Hisense - Hisense H55U7A


Hisense H55U7A: a convincing Ultra HD TV

Aprox. 678€

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Official television of the Football World Cup in Russia, the Hisense H55U7A is above all a fairly convincing mid-range Ultra HD television, as we will see in this test.

Positive points

Image quality.

Excellent native contrast.

Interesting brightness peak for HDR.

Bad points

Poorly managed HDR.

Viewing angles.

No microphone on the remote control.

Our review


The Hisense TV has a 10-inch VA panel (8-bit + FRC) of 55 inches (≈140 cm) displaying an Ultra HD definition (3,840 x 2,160 px) and whose refresh rate reaches 100 Hz. DVB-T2 / C / S2 tuner (TNT, cable and satellite), a 2 x 10 W audio system, a quad-core processor and a home operating system with some popular applications like YouTube or Netflix.

This Hisense H55U7A TV is sold for around € 800. It competes with the Sony KD-55XE7005 and the TCL U55C7006 sold at around 700 €. It is also available in 50 (≈127 cm / H50U7A) and 65 inch (≈165 cm / H65U7A) versions at the respective prices of € 700 and € 1,200.

All the brightness and colorimetric measurements mentioned in this article were carried out with a SpectraCal C6-HDR probe and the CalMAN Ultimate software.

Image quality

The Hisense TV has a VA panel which therefore provides good contrast, but narrower viewing angles than those of the Oled or LCD IPS models. On this television, we have measured a loss of brightness of up to 78% to 45%. Finally, the glossy screen has a hard time with reflections. It is important to choose the location of the TV in the living room and avoid vis-à-vis a window if possible.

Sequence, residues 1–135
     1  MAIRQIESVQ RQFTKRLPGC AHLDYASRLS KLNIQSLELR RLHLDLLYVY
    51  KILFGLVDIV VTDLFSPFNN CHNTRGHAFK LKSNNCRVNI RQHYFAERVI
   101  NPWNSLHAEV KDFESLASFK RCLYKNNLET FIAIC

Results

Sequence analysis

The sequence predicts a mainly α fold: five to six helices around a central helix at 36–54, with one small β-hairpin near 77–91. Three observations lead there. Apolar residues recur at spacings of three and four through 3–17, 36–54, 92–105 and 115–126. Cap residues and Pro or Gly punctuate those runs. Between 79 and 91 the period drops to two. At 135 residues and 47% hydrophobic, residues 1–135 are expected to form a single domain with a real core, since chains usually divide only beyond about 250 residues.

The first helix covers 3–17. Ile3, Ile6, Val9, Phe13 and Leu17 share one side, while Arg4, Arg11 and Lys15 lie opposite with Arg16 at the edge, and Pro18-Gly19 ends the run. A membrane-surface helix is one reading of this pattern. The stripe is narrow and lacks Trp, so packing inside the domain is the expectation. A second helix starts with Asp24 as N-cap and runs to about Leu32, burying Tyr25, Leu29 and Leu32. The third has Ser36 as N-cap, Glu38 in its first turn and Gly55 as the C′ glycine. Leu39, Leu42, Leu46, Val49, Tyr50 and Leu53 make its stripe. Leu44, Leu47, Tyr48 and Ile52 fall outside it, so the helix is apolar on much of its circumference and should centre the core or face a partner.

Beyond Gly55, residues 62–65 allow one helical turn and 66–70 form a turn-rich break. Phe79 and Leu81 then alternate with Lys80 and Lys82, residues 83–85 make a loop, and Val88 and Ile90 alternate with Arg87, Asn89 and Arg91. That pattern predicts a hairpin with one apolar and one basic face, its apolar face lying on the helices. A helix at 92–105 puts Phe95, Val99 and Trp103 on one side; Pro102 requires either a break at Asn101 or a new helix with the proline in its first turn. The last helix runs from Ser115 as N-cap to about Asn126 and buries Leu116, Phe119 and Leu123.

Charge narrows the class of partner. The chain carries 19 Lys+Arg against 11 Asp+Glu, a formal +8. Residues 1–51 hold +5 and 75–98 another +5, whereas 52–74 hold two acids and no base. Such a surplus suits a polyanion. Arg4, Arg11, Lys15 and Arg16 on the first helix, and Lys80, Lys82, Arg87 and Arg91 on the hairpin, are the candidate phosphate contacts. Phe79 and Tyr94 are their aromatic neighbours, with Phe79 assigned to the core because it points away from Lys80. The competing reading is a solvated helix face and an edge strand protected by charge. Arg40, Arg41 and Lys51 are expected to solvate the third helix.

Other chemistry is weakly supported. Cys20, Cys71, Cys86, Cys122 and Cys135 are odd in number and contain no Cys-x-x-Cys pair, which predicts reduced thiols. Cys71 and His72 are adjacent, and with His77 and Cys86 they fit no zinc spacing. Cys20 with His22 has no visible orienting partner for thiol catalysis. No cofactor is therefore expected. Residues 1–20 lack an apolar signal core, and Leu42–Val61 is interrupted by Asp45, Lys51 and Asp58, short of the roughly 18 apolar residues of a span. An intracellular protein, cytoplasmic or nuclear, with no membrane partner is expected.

In "Cinema day" mode, the Hisense television offers a very beautiful image with faithful colors. We have measured an average Delta E of 2.5, and therefore less than 3 - threshold below which the human eye can no longer perceive the drift of a color.

The default BT.1884 gamma is a bit low, but setting it to 2.4 allows the average to rise to 2.27. This value is slightly below that of reference, but the curve is rather stable on the whole of the spectrum.

The color temperature is stable across the spectrum, but is a bit high. Indeed, the average measured at 7,780 K is a little far from the 6,500 K reference, which results in the image by a slightly cold image.

The contrast ratio of 5,300: 1 is very good for a television and even excellent for an LCD model. If he can not compete with Oled TVs, the Hisense model is clearly one of the best students using LCD technology. This contrast is reflected in the image by deep blacks, even in the dark.

The scaling engine implemented by Hisense smooths the original source, which results in a slight loss of sharpness of the image. On this point, the Chinese manufacturer is still lagging behind the best players in the market, including Sony, Philips and Panasonic. The motion compensation motor is also not very efficient, despite the presence of a 100 Hz panel.